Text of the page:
For Microsoft Brainiacs, Home Was Building 5
REDMOND, Wash. (AP) _ David Cole celebrated the completion of Windows 95 in a fashion typical for a Microsoft manager: he thundered through the carpeted halls of Building 5 on his motorcycle.
Cole, at least, was able to restrain himself. Elsewhere, employees uprooted plants, splashed through a fountain and turned a nearby atrium into the setting for a gargantuan food fight.
The occasion was the day in July when Cole and other members of the Windows development team finished work on the new operating software in Building 5, their laboratory-home-away-from-home on the campus-like grounds of Microsoft’s headquarters in Redmond, a Seattle suburb.
``There was a lot of sheer ecstasy in the hallway that day,″ said Cole, the 33-year-old general manager of the Windows development team. ``There were also some people who were in disbelief because we were finally there. It was a very exciting time, to say the least.″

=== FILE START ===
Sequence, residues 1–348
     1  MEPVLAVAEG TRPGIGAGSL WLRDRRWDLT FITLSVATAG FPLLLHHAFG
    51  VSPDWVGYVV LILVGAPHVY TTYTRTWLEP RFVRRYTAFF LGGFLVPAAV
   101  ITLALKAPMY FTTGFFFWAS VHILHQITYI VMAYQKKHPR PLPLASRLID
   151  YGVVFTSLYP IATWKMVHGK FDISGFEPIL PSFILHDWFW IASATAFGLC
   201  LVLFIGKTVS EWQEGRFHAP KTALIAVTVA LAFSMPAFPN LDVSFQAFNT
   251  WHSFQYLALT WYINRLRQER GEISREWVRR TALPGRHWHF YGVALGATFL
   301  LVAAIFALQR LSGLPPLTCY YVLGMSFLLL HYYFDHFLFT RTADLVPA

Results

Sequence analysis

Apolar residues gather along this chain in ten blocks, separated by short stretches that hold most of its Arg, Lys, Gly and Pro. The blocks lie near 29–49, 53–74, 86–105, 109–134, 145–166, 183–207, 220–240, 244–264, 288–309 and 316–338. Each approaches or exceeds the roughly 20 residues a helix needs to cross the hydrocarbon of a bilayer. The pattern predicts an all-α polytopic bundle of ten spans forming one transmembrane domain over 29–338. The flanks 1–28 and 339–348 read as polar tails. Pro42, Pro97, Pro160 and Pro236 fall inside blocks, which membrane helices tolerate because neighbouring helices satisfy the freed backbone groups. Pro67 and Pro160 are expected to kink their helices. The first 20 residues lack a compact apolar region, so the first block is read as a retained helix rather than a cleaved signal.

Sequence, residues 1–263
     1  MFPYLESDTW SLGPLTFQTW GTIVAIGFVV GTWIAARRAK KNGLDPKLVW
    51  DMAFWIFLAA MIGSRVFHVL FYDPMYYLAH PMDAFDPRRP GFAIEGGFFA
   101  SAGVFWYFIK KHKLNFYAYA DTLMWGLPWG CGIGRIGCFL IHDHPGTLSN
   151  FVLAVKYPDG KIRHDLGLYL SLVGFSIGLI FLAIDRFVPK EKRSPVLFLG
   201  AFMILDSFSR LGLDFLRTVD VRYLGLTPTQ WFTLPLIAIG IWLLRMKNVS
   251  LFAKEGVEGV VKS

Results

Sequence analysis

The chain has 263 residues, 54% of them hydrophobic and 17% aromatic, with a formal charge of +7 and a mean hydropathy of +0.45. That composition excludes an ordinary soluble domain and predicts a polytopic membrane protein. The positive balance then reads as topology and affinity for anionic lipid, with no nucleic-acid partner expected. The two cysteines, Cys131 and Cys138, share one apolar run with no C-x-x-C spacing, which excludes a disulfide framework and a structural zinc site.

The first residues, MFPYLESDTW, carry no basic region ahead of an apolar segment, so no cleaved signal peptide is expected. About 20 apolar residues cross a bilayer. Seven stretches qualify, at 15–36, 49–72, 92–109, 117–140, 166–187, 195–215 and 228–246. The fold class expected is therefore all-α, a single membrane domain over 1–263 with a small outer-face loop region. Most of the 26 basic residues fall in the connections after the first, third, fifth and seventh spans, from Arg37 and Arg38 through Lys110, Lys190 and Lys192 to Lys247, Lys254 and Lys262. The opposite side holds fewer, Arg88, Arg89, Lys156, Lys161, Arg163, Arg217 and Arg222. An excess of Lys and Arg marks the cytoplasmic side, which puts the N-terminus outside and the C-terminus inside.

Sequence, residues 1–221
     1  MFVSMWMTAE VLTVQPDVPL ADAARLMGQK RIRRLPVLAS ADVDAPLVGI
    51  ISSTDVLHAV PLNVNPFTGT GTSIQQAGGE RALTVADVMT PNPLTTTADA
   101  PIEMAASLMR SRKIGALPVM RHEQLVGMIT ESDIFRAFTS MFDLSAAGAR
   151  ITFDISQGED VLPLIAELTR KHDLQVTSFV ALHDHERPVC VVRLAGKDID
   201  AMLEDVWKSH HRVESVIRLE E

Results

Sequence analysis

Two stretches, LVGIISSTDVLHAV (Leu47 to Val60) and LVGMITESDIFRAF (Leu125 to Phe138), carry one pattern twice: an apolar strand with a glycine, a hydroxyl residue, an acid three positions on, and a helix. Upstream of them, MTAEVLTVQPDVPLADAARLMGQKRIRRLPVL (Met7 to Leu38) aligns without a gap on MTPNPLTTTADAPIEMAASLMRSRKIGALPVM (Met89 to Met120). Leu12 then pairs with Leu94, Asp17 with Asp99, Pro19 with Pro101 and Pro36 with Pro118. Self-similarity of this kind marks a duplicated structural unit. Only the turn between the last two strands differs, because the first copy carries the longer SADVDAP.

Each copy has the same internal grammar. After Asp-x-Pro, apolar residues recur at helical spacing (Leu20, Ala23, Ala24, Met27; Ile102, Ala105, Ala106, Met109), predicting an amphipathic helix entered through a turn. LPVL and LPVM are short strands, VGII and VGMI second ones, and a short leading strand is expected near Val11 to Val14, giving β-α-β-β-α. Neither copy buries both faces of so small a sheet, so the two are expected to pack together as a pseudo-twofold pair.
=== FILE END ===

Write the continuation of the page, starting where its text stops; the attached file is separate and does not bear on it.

In keeping with its unorthodox corporate philosophy, Microsoft rewarded its employees by splurging on 170 bottles of Dom Perignon champagne and temporarily suspending the rules of managerial conduct. With the bubbly pouring faster than a digital modem, it took only a few hours before developers had turned the place upside down.
For the 400-member team responsible for Windows 95, July 14 was the end of a four-year endurance test that resulted in one of the most talked about pieces of software in the industry’s history.
``For about the last seven or eight months, it had just gotten grueling,″ said development manager Dennis Adler. ``We were all really frantic and really energetic.″
Upon reaching the finish line, others said they began to reflect on the significance of their accomplishment.
``After that long period of time it took to create Windows 95, it finally hit me that this will probably be the crowning achievement of my career,″ said 48-year-old Rick Waddell, a test manager.
But with the finished version of Windows 95, which hit store shelves on Thursday, the men and women responsible for the new software say they have had to adjust to a new reality.
Their work place has been silent since the day the program went ``golden.″ Most of the developers and managers who devoted huge chunks of their lives to the 10 million lines of computer code found in Windows have been awaiting their next assignment or vacationing.
``It’s really scary to think that, despite all the personal sacrifice, I think everyone on the team wants to do it again,″ Cole said.